Monday, November 5, 2012

The Basic Gaits of Your Basic Coyote

Coyote tracks in snow (c) John Ashley
Tracks left on a frozen pond reveal the "side trot" gait of a coyote moving at medium speed
A few gifted people can look at coyote tracks left in snow and translate them into full-length stories. I'm not one of those people. As a teenager I read Tom Brown Jr's "Tracker" books, and I even spent two adult days training with our local tracking guru, Jim Halfpenny. Still, when I contemplate tracks in snow I mostly see a bunch of words scattered hither and yon, sometimes a short sentence or two, but precious few stories.

Translating animal tracks correctly is an art form, but the basic concepts are a little easier to read - especially if you live with a dog.

Coyotes and other four-legged animals leave a set of tracks when moving across snow (sand, mud, etc.). The pattern of tracks, called "gait," will look different depending on the animal's speed, whether they were walking, trotting or running. Of course, these three gaits can be broken down much further (e.g. direct/overstep/straddle/side trot/extended trot), but let's not go there.

A walking gait is a single beat. A walking coyote will normally have three feet on the ground and one foot raised. The feet are moved singly in sequence (left rear, left front, right rear, right front), and the hind feet usually land in the prints left by the front feet.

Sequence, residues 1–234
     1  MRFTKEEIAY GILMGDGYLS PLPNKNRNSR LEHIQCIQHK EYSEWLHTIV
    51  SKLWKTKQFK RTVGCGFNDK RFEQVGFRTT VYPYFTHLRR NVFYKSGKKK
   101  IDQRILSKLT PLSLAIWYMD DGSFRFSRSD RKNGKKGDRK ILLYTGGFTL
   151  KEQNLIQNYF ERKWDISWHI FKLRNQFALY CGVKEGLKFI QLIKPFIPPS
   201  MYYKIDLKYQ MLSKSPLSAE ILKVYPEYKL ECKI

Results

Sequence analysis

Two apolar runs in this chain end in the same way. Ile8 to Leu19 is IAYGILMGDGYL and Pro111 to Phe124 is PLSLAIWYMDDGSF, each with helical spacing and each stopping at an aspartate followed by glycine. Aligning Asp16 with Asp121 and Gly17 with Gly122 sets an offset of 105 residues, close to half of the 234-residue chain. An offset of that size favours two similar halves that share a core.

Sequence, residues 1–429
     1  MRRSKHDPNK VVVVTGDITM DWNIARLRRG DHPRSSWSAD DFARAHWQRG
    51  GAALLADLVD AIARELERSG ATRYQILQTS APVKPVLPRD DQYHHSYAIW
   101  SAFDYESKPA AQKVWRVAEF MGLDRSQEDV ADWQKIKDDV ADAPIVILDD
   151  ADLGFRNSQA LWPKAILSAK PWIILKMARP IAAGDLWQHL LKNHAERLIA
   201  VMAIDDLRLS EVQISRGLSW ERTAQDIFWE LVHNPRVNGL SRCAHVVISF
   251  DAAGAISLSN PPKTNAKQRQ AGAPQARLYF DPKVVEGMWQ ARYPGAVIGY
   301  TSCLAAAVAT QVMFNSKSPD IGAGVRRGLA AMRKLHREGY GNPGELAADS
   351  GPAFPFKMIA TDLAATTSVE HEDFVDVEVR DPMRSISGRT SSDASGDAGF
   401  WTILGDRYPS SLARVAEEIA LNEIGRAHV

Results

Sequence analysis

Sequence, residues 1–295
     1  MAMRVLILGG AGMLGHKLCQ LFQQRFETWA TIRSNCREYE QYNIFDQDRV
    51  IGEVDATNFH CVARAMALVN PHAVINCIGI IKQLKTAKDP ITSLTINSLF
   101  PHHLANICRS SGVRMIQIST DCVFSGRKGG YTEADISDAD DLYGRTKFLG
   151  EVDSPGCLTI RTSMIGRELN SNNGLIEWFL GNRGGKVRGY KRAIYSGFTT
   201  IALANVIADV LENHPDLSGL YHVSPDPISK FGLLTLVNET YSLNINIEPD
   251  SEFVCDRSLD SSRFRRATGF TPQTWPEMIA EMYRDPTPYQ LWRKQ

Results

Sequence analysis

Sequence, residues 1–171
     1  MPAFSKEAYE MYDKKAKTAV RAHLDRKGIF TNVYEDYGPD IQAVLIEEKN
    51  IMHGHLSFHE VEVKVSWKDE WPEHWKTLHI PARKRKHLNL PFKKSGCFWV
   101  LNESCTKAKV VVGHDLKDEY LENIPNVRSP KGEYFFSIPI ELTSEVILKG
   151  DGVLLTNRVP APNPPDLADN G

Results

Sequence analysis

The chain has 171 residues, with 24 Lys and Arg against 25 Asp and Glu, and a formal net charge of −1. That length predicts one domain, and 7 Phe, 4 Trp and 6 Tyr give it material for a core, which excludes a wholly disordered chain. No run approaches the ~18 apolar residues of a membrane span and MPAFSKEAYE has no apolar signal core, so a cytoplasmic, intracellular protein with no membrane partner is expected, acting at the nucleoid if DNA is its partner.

A trotting gait works in two beats. Instead of four individual movements, the four feet move as two diagonal sets of two feet. In other words, one pair consists of right rear and left front feet, and the other pair consists of left rear and right front feet. Each pair moves in unison.

A running gait is either a three beat or four beat movement, depending on whether the coyote is loping or galloping. A loping coyote pushes off its right rear leg while the other feet move forward in the air. Next, the animal lands with its left rear and right front legs while its right rear foot is still  touching the ground. Then the animal catches itself on the left front leg while the right rear moves forward and the other diagonal pair are still on the ground.

A running gallop gait is quite different. Both front feet are on the ground as the rear feet move forward on either side. When the rear feet reach the ground well ahead of the front feet, the coyote's body is arched. Strong back muscles spring the animal forward again, and the front feet pass to the inside of the rear legs. After a long leap with all four feet off the ground, the coyote's front feet reach the ground and support its weight as the rear legs swing past once again. The two front feet and two rear feet don't touch the ground at exactly the same time, so what looks like a two-beat gait is actually done in four beats.

Trust me, I had to do some re-reading just to spell out these basic gaits. But I remember working with a fellow who thought he was a real artist when reading tracks in the snow. Most of his stories ended up filed in the "Fiction" section. They reminded me of when, as a volunteer teacher's aide in an elementary school, my main duty was listening to oral book reports from second graders. Some of those kids used the story as just a starting point, telling me about all kinds of fascinating things that were most definitely not in the book they just read. But they seemed to relish telling spontaneous stories, and I always enjoyed their creativity more than the books anyway.